Unlike the otolithic organs, the semicircular canals are not sensitive to gravity since there are no otoconia normally in the canals. The 3 canals in each inner ear are oriented roughly 90 degrees to each other (like the corner of a room between 2 adjoining walls and the floor). Each semicircular canal has one bulbous shaped end called an ampulla. In the ampulla is a structure that is situated like a divider called the cupula (see picture below). In the cupula, there are multiple hair cells with bundles of hair that project up into the cupula. Within the hair bundles, there is one long hair called the kinocilium and multiple short hairs call the steriocilia. The cupula gets pushed or pulled during angular movement from the flow of endolymph, causing the cupula to bend.
The smaller hair cells (steriocilia) either move towards the large hair cell or away from the large hair cell in response to the direction the cupula moves. This information is converted into an electrical signal which ultimately produces corresponding eye movements.
The Vestibular Nerve
The Nervous System in Action,
Michael D. Mann, Ph.D.
The inner ear has its own blood and nerve supply. The vestibulocochlear nerve (cranial nerve VIII) travels from the inner ear to the brainstem and is still considered part of the peripheral system until it enters the brainstem. The vestibular nerve has 2 portions: the superior vestibular nerve and the inferior vestibular nerve. Each portion attaches to specific structures in the inner ear. Vestibular disorders that damage one portion of the vestibular nerve most commonly affect the superior portion, which must travel through a narrower canal compared to the inferior portion of the nerve. When the superior vestibular nerve is affected it results in damage to the utricle, part of the saccule, and the anterior (also called superior) and horizontal (also called lateral) canals. The posterior canal remains perfectly intact. In this scenario, it is possible that when the utricule is damaged otoconia (ear rocks within the utricle) fall off and drop into the posterior canal, resulting in BPPV in the posterior canal. This can be referred to as “the perfect storm” (a damaged system affecting an intact system causing it to also become dysfunctional). Some conditions will affect both portions of the vestibular nerve while other conditions may affect both the vestibular and cochlear nerves, causing both hearing and balance problems simultaneously.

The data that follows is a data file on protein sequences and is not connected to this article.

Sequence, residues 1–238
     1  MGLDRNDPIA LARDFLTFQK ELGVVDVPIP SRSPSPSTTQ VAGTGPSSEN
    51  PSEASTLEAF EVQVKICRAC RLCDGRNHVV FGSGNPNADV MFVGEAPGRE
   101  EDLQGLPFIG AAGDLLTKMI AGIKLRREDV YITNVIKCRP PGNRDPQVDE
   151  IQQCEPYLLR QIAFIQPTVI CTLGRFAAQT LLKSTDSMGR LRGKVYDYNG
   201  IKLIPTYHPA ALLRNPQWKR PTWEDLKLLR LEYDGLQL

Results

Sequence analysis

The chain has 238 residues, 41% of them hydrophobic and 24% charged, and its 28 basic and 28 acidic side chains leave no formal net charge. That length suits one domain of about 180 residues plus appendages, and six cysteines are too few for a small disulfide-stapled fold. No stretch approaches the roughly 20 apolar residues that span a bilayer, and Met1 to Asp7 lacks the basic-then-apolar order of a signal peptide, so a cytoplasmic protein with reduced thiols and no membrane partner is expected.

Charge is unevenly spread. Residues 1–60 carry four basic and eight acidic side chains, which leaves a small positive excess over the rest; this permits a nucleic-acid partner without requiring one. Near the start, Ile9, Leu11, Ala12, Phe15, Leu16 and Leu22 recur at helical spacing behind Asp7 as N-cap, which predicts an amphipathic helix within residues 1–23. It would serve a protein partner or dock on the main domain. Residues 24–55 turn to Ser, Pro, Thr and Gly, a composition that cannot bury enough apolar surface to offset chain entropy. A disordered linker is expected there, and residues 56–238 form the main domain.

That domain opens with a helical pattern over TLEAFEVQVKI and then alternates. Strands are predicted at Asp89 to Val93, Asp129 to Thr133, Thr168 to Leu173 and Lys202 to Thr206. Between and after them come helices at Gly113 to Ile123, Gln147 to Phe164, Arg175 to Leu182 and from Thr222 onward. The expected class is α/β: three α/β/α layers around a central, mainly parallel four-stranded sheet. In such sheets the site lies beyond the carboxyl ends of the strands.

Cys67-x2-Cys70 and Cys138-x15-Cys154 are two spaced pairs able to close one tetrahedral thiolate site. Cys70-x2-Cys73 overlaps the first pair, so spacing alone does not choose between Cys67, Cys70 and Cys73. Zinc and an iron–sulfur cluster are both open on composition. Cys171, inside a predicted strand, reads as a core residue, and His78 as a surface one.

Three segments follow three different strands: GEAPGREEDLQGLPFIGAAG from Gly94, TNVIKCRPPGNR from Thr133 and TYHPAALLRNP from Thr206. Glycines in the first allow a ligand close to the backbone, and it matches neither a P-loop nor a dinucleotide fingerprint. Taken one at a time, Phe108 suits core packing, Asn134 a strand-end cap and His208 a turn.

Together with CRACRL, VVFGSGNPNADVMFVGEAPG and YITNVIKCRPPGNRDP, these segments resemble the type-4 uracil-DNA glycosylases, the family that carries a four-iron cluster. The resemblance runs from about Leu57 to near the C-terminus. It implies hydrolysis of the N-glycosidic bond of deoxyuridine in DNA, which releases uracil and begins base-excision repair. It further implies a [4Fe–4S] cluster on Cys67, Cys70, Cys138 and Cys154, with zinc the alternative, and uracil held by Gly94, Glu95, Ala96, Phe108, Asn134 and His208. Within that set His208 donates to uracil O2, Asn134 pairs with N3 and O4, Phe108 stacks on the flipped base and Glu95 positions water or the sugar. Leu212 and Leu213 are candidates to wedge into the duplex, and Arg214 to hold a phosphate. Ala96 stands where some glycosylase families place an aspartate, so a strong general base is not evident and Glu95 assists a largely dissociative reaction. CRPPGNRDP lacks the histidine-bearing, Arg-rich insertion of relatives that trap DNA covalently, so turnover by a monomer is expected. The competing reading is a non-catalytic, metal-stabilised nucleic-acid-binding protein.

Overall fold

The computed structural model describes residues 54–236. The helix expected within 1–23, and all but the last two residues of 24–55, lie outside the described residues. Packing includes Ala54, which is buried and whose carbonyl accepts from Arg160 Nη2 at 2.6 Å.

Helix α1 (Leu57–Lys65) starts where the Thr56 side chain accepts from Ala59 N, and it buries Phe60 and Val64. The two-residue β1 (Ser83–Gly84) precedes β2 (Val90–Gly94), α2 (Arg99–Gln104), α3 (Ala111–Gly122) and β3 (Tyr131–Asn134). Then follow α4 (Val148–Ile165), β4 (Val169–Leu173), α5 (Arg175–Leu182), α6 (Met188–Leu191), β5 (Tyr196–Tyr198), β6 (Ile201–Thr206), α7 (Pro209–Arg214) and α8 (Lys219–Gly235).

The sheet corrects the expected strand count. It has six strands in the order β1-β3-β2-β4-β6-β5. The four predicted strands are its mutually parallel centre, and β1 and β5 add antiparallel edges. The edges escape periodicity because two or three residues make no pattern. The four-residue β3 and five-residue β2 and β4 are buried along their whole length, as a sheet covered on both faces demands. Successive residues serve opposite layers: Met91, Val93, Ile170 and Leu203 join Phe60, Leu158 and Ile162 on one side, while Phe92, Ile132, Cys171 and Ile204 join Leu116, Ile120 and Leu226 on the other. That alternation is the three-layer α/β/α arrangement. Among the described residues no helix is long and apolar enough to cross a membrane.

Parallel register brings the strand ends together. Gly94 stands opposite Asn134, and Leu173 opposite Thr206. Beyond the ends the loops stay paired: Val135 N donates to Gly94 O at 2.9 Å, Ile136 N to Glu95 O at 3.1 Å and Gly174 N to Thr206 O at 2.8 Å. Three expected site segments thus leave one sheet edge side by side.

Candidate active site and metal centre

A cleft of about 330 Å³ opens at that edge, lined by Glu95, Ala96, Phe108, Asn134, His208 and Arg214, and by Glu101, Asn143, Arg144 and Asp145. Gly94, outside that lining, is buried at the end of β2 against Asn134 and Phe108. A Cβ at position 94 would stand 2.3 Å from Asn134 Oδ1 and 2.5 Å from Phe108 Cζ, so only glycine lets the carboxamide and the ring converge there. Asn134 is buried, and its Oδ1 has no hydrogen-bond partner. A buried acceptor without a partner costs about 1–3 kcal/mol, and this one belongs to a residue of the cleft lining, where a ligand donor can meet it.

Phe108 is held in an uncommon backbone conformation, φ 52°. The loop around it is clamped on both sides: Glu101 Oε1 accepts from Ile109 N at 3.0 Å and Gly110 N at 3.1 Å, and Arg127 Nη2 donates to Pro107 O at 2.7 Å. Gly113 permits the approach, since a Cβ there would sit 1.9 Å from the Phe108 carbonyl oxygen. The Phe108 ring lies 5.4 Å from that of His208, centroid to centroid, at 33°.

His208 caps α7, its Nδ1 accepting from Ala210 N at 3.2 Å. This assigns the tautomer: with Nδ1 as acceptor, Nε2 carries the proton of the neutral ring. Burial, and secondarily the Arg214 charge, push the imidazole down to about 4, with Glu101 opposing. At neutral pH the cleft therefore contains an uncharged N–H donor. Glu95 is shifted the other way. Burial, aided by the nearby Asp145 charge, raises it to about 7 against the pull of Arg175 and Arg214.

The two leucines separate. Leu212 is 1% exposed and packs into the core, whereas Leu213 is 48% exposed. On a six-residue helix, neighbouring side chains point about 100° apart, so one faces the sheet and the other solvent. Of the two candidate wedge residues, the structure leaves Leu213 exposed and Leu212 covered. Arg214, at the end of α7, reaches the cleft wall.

You have 2 vestibular nerves, one from each ear, which must work together when sending signals to the brain. When one nerve’s signals are disrupted, this will immediately cause vertigo, dizziness, imbalance and often nausea and vomiting, which can last for several hours to several days until the brain learns how to reinterpret the signals. When the system does not “reset” on its own vestibular rehabilitation helps to teach the system how to readapt and function.
The blood supply follows a similar path as the nerve supply and, when compromised, will result in similar symptoms.